abstract = "Induced thrombosis ('nonresective' therapy) of aortic aneurysms by distal arterial ligation, coil/wire embolization, and extraanatomic bypass was devalued by anecdotal reports emerging during the mid-1980s. Nevertheless, we have recently found the technique to be life-saving in occasional cases and worth revisiting. Since 1990, standard aortic aneurysm repair has been performed in 231 patients (99.1{\%} survival), endovascular aortic aneurysm repair in 6 patients (83.3{\%} survival), and combined surgical/interventional 'nonresective' repair of a variety of aneurysms in 10 patients (100{\%} survival). Mean age of the group was 67.9 years. Repair was performed for aortoiliac aneurysms (4), common iliac aneurysms (3), internal iliac aneurysms (2), and a large proximal subclavian artery pseudoaneurysm (1). Four of the patients had been explored and declared to be 'inoperable' (retroperitoneal fibrosis) prior to transfer to the Columbia-Presbyterian Medical Center. All patients survived. Aneurysm rupture has not occurred in any patient, but one patient with a presumably thrombosed subclavian pseudoaneurysm presented 26 months postcoil-induced thrombosis with progressive aneurysm enlargement due to incomplete aneurysm thrombosis and required repair using circulatory arrest. Eight of the patients remain alive (80{\%}) at a mean follow-up of 40.3 months (range 14-88 months). Two patients died of malignancy (30 months) and cardiac disease (15 months). It is concluded that combined surgical/interventional techniques can be life- saving in the rare instances when conventional or endovascular aneurysm repair is not advisable but that complete aneurysm thrombosis is essential and occasionally difficult to achieve. Since small proximal portions of the aneurysm may remain patent and not be visualized on magnetic resonance imaging (MRI) or computed tomography (CT) scans, contrast angiographic documentation of complete aneurysm thrombosis is essential prior to hospital discharge and close follow-up is necessary to ascertain long-term adequacy of the repair. Incomplete thrombosis is suspected as a major factor in earlier reports of aneurysm rupture after seemingly successful nonresective therapy.",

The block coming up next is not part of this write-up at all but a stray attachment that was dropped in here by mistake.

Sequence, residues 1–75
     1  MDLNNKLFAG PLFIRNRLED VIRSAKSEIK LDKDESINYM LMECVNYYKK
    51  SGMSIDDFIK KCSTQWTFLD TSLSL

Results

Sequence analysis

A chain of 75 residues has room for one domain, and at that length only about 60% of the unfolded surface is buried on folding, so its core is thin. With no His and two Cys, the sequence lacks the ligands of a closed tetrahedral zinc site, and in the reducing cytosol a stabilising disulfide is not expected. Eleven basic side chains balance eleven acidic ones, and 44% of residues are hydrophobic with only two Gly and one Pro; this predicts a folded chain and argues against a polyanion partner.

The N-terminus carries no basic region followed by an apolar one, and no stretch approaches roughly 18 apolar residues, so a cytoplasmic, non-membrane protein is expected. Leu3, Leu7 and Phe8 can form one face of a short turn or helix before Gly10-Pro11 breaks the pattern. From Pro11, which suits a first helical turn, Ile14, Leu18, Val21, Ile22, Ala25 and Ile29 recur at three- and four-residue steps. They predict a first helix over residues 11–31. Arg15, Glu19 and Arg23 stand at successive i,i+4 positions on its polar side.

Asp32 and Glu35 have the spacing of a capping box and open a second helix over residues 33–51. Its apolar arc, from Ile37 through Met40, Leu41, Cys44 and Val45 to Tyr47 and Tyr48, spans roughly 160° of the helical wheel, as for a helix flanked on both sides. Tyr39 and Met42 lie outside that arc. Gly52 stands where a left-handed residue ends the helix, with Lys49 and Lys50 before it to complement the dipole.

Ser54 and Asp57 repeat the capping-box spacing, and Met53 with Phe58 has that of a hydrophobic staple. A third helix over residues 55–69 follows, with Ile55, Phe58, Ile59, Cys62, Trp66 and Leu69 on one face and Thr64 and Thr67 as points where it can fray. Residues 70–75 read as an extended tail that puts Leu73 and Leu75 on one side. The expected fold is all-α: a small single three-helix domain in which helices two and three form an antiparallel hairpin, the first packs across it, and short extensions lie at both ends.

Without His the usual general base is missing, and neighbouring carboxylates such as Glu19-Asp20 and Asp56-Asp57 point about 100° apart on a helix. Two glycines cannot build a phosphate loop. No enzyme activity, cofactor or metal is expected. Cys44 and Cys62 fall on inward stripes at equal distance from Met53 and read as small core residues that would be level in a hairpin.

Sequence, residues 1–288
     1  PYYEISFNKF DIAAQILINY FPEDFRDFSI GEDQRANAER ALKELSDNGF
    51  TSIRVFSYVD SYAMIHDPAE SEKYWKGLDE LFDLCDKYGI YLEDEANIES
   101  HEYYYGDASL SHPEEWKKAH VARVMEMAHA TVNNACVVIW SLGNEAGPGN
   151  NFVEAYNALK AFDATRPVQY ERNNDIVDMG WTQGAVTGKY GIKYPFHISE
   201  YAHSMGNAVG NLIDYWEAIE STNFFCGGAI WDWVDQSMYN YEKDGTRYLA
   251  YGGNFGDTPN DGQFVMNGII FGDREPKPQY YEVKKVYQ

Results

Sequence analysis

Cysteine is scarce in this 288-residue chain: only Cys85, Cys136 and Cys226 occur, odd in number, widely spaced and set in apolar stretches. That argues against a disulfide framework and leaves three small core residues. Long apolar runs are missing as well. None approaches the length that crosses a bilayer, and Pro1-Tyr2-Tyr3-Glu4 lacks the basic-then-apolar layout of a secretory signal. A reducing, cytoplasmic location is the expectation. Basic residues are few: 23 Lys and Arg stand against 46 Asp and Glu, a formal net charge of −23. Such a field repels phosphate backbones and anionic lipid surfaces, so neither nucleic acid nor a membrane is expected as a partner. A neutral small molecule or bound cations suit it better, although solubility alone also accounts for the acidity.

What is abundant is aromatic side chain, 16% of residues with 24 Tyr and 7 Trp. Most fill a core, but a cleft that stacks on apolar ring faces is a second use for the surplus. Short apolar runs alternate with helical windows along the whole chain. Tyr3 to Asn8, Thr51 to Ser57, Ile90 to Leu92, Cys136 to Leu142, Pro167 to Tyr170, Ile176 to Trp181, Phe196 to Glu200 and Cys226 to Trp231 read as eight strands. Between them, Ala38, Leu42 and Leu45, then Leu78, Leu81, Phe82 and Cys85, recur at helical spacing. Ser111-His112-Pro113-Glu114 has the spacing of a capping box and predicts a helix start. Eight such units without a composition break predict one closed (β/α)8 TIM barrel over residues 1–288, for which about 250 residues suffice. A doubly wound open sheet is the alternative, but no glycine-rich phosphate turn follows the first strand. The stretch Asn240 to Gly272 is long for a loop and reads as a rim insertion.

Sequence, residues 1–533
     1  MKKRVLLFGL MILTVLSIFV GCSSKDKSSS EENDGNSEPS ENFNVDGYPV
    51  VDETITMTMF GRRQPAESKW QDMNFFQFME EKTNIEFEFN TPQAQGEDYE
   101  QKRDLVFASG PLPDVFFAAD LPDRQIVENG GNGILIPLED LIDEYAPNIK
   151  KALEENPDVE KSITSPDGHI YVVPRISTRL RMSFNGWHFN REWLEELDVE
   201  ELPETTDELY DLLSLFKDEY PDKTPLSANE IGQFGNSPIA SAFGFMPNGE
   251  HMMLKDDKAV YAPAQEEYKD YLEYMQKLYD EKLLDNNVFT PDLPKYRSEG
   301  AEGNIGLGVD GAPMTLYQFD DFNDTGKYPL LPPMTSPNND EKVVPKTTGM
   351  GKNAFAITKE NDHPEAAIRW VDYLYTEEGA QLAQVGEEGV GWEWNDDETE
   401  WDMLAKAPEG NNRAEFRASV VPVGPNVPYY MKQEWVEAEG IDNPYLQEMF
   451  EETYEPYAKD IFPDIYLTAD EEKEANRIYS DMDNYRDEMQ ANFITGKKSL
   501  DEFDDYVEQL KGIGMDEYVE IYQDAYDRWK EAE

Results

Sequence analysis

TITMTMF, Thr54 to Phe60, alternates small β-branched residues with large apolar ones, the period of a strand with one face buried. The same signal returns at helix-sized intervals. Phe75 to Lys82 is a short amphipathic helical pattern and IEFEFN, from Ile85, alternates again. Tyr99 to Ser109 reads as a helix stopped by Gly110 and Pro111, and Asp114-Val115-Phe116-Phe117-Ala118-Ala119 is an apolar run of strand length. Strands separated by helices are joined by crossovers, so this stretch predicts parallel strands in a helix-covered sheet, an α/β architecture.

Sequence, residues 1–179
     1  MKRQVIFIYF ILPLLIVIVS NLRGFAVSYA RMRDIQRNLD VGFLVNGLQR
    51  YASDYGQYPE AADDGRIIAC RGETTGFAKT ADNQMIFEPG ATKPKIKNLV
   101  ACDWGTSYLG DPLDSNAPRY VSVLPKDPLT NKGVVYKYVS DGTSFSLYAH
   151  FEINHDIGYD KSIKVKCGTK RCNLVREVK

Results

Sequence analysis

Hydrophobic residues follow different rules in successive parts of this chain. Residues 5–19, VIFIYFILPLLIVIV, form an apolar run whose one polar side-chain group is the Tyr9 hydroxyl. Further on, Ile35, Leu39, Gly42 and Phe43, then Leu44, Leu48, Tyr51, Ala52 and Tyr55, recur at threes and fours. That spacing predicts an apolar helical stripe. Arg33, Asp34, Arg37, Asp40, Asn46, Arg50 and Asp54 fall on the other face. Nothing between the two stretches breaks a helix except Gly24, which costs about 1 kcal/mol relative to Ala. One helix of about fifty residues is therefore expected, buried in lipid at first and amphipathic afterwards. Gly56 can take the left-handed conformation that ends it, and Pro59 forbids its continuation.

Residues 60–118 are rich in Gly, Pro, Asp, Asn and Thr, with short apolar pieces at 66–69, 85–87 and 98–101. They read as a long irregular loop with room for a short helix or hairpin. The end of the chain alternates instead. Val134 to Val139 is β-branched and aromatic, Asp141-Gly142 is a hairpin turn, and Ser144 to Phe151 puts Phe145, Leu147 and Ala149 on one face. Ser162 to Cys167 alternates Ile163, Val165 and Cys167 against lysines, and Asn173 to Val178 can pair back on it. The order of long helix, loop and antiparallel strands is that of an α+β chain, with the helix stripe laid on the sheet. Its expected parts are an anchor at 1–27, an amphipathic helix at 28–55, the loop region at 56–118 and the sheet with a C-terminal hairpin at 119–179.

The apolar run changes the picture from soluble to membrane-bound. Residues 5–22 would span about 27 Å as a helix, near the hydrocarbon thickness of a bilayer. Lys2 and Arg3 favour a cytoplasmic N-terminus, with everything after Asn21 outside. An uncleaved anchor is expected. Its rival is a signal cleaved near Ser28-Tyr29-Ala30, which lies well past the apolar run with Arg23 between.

author = "Todd, {George J.} and Joseph DeRose and Martin, {Eric C.}",
year = "1998",
month = "5",
doi = "10.1007/s100169900148",
language = "English (US)",
volume = "12",
pages = "248--254",
journal = "Annals of Vascular Surgery",
issn = "0890-5096",
publisher = "Elsevier Inc.",
number = "3",

}

TY - JOUR

T1 - Complementary surgical/interventional techniques for nonresective management of 'inoperable' aneurysms

T2 - A second look

AU - Todd, George J.

AU - DeRose, Joseph

AU - Martin, Eric C.

PY - 1998/5

Y1 - 1998/5